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David Welch House
U.S. Historic district
Contributing property
DavidWelchHouseLitchfieldCT.jpg
Location Potash and Milton Rds., Milton, Connecticut
Area 4.7 acres (1.9 ha)
Built 1756 (1756)
Built by Marsh, John, Jr.
Architectural style Colonial
Part of Milton Center Historic District (ID86003754)
NRHP reference No. 84001103
Quick facts for kids
Significant dates
Added to NRHP February 16, 1984
Designated CP December 23, 1986

The David Welch House is a historic house at Potash and Milton Streets in Milton village of Litchfield, Connecticut. Built in 1756 by one of the first colonial settlers of the area, it is one of the village's oldest buildings. It was listed on the National Register of Historic Places in 1984.

Description and history

The David Welch House stands near the easternmost end of the village of Milton, on the north side of the junction of Milton and Potash Roads. It is a 2-1/2 story wood frame structure, with a gabled roof and clapboarded exterior. Many of the clapboards and windows in the building are original. The house is eight bays wide, consisting of an original five-bay section and a later three-bay addition to the right, and has a saltbox profile with an integral leanto to the rear. Both the main section and the addition have entrances at their respective centers. That of the main house is elaborate, with sidelight windows, pilasters, transom window, and entablature. A large brick chimney rises at the center behind that entrance. The interior retains many original 18th-century features, including wainscoting on the walls and paneled fireplace surrounds.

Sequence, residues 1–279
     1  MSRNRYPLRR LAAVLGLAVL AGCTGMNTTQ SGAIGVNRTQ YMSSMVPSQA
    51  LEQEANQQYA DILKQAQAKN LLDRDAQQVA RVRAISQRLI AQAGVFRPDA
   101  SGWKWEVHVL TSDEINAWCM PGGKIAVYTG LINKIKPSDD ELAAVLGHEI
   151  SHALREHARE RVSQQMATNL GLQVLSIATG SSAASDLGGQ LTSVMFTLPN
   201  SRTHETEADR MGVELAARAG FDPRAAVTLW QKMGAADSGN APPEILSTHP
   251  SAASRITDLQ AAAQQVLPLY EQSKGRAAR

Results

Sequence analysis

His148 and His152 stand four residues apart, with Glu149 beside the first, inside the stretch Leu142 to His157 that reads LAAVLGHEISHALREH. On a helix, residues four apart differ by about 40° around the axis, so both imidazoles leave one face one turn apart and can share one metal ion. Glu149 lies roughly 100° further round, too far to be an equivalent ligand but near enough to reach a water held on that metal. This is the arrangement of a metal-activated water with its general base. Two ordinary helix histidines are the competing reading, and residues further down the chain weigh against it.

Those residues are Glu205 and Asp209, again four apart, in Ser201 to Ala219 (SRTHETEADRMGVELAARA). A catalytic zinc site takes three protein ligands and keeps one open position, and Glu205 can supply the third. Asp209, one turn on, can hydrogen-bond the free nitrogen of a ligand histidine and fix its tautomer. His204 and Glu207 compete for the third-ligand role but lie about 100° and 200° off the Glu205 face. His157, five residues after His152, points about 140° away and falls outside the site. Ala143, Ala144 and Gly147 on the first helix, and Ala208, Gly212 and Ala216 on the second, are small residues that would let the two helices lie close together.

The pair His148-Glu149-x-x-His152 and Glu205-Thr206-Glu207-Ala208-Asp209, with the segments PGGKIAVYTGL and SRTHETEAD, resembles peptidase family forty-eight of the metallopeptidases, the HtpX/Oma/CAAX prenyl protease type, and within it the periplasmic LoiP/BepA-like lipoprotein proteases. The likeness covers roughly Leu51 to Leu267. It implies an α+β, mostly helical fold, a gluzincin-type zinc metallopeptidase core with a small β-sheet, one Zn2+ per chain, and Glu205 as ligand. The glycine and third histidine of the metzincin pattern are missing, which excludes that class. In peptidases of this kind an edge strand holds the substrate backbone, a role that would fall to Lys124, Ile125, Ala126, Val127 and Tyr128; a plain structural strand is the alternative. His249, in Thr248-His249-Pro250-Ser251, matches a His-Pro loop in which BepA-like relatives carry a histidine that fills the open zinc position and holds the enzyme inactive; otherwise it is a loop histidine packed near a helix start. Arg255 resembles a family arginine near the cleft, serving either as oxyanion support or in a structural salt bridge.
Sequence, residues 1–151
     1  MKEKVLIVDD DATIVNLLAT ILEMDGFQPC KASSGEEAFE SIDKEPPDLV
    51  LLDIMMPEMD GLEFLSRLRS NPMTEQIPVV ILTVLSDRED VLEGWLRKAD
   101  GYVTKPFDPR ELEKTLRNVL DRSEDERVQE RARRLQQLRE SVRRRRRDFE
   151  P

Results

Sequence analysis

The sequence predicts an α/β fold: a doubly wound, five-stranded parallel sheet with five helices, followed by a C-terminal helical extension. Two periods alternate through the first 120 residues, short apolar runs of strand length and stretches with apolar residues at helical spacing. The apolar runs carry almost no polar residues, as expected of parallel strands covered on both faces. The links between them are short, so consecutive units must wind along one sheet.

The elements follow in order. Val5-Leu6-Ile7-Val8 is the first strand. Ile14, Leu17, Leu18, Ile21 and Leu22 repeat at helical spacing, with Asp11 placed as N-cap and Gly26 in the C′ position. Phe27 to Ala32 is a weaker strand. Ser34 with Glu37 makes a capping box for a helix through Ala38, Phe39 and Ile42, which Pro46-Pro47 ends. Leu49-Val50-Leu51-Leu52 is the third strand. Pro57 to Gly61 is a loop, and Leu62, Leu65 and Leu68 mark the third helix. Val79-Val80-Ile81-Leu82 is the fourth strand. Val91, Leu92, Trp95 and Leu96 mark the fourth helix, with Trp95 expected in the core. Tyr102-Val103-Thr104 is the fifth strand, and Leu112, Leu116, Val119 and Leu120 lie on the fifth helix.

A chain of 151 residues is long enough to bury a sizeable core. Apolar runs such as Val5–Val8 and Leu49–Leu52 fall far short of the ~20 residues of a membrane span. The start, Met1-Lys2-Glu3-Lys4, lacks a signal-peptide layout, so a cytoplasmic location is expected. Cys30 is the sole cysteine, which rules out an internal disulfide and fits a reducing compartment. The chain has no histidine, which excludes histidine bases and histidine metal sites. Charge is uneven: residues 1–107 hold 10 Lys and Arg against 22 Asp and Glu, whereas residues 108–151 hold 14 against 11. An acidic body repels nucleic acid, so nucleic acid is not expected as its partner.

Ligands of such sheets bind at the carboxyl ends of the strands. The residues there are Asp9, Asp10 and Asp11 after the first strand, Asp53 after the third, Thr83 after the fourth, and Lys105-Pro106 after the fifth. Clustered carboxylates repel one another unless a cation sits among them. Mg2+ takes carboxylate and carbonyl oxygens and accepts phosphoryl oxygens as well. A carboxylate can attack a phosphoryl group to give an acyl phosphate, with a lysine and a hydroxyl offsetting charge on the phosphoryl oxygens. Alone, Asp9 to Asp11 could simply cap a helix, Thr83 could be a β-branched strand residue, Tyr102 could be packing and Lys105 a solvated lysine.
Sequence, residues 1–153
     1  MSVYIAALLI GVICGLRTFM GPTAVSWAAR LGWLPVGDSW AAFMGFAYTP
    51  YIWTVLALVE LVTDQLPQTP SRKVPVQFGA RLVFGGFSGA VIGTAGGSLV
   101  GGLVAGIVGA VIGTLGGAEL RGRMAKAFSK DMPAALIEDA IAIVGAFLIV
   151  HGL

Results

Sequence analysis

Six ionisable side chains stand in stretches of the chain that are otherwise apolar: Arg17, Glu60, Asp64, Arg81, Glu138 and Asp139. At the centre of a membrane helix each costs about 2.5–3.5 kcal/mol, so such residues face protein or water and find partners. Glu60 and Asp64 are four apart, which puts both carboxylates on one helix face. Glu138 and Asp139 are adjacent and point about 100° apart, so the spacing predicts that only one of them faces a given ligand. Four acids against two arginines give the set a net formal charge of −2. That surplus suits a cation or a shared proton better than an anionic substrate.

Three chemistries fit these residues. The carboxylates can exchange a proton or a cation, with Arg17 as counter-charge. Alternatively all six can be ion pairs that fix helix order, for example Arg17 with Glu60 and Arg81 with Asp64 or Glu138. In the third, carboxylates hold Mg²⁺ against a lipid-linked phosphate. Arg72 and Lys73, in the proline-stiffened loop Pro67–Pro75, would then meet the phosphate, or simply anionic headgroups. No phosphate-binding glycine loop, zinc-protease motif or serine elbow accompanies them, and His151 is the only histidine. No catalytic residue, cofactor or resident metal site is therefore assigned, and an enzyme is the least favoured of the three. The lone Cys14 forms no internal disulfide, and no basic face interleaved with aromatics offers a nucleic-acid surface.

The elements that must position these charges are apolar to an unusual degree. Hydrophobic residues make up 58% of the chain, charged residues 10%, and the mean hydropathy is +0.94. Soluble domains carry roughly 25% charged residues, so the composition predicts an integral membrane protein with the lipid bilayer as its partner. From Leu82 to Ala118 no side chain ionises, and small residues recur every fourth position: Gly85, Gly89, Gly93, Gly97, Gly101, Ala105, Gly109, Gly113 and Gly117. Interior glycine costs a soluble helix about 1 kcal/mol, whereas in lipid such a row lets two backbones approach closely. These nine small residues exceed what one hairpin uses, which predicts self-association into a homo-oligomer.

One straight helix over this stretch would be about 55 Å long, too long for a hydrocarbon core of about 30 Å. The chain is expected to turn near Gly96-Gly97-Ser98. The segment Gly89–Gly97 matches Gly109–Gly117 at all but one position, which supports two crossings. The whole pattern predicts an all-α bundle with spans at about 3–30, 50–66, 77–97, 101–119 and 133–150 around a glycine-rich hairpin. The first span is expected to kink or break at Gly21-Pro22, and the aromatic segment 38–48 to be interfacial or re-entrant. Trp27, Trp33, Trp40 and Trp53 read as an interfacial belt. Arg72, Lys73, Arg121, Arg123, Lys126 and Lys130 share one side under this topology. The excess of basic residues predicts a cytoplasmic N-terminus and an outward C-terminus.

The house was built in 1756 by John Marsh Jr., one of the early proprietors of Litchfield, for his daughter Irene and son-in-law David Welch. Local lore has it that Irene dubbed the village "Milton" that arose after the mills that lined the branches of the Shepaug River that flowed nearby. Welch owned and operated several iron foundries in the area, and was a prominent figure in local politics, serving in the state legislature. Both Welch and his son John were active participants in the American Revolutionary War. The three-bay addition was built before the war, from which the Welches ran a store. The house remained in the Welch family until 1860.

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